Good doctors treat each patient as an individual, work in partnership with patients, and respect their rights to privacy and dignity. I have also been advocating that the wealthy of the nation must actively and comprehensively partake in the development of quality health care in our own country.
Their probable inability to appreciate fully the very socio-economic concept of the health care of a nation perhaps leads to their disinterest in their participation. It is not unusual for the wealthy to ignore the existing medical care system as they tend to rely heavily on the availability of reasonably good quality health care in the neighbouring countries.
People wealthy or poor, have to perceive that there is a social gradient in health. In plain language, it means everyone below the very top level of wealth has worse health than those above them, the lower the position in the social hierarchy, the worse the health, and the shorter is the life expectancy. As the wealthy are at the top of that gradient they may feel reluctant to agonize so much over the existing medical care in our country.
However, the intricacy in health ensures our ensnarement to the nation irrespective of our social class, creed, and colour, each of us is part of the whole. This intricacy in itself is the overriding reason why the wealthy need active participation in developing and sustaining effective medical care as they would at some stage or other, in an emergency or in a pandemic, be it intentional or situational, become the most unwilling but nonetheless, helpless victim of the country’s health system.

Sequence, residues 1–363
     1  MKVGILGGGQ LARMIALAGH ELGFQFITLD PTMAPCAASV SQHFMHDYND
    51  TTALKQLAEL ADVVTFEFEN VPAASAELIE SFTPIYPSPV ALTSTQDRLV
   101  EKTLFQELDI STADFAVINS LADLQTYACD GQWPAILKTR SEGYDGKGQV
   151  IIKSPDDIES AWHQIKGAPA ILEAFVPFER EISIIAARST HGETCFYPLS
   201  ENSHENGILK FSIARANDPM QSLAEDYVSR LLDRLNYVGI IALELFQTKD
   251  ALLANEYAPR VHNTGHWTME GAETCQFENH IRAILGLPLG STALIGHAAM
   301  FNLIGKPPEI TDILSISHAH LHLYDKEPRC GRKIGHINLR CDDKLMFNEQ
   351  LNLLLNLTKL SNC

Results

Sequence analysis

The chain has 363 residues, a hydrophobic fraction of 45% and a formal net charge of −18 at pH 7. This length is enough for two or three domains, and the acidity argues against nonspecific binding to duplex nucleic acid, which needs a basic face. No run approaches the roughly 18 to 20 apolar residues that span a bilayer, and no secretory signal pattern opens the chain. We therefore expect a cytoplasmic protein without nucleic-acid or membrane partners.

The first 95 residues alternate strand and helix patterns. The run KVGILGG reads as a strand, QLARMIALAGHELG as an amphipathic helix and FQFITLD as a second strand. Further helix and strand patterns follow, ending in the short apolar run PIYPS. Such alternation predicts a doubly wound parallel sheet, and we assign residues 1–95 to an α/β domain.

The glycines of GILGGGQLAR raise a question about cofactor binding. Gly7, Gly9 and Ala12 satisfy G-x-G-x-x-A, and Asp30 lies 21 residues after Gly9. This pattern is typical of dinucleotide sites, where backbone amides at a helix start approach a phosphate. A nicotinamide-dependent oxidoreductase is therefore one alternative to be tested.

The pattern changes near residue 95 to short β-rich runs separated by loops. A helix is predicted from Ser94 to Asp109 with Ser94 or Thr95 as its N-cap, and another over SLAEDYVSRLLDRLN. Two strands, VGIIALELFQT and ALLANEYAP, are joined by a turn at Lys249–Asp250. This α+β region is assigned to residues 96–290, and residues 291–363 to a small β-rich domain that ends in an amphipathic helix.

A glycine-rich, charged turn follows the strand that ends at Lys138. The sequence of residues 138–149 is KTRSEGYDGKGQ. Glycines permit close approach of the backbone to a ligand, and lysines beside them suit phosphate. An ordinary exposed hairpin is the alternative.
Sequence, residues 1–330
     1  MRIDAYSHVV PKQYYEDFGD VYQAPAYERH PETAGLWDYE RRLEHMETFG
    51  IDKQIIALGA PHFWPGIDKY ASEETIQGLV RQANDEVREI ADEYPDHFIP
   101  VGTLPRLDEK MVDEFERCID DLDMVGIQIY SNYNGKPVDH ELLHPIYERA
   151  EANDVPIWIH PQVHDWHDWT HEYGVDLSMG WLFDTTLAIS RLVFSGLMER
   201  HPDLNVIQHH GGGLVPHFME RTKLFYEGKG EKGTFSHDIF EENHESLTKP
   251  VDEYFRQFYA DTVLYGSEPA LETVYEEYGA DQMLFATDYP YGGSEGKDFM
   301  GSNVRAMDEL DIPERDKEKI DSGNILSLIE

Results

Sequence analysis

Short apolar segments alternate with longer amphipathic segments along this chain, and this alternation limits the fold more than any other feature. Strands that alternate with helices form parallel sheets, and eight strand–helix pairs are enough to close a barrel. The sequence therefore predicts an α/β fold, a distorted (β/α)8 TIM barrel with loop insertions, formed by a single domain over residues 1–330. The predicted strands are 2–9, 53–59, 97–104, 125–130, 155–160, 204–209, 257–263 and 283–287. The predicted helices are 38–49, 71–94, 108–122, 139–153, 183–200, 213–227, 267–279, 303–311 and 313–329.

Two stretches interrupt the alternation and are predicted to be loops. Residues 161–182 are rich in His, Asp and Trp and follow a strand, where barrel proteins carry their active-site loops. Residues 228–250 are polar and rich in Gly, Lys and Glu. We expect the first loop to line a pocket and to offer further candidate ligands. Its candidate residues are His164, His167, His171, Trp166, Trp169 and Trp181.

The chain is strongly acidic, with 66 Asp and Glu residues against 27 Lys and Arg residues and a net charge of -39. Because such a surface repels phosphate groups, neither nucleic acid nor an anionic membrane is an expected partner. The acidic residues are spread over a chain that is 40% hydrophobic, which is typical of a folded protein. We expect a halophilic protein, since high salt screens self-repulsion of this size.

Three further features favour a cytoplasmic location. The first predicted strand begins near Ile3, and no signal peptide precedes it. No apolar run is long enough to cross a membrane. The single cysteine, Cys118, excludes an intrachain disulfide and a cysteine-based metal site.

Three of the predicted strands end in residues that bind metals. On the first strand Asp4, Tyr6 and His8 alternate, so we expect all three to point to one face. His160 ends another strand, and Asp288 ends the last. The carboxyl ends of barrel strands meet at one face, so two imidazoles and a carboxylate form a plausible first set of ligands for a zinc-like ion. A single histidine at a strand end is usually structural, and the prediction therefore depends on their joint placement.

At the pinnacle of the current pandemic, multiple such exigencies are being broadcast on a regular basis in Bangladesh. The self-interest of the moderately rich should make them concerned that their health is not as good as that of the very rich, and so on.
This should be incentive enough for the different socioeconomic groups within a wealthy community to make them concerned that their health lags behind their immediate and other higher strata in the chain.
Social scientists would argue and rightly so that socioeconomic inequalities in health arise from socioeconomic inequalities in society, a phenomenon extremely damaging to the very fabric of society, and cultivates a sense of social injustice and paucity of righteousness.
These adverse emotions may result in a fertile breeding ground for discontent and violence depending on the emotional intelligence of the people belonging to the lower socioeconomic strata, a fundamental feature of inequalities in society.
My polemical argument in favour of building clinical care units (hospitals) incorporating in-built training, and continued professional development of health care professionals (doctors, nurses, midwives, technicians, paramedics) is that human resources are the basic and the single most outstanding component of any quality medical care.
There is a huge scarcity of good quality health care professionals in Bangladesh. Any proposed new medical care venture must incorporate developing its own human resources simultaneously to building a new facility or enhancing the quality of an established one.
The coronavirus pandemic has, without mercy, exposed the truth and weakness of our clinical care -- especially our extreme vulnerability due to the fallacious quality of the care delivery.
It is now the most appropriate time to rethink the strategy and need for wealthy citizens and philanthropists of Bangladesh to forge ahead and step up the pioneering ventures associated with developing good health care facilities with high-quality human resources.
Dr Raqibul Mohammad Anwar is a Specialist Surgeon and Global Health Policy and Planning Expert, Retired Colonel, Royal Army Medical Corps, UK Armed Forces.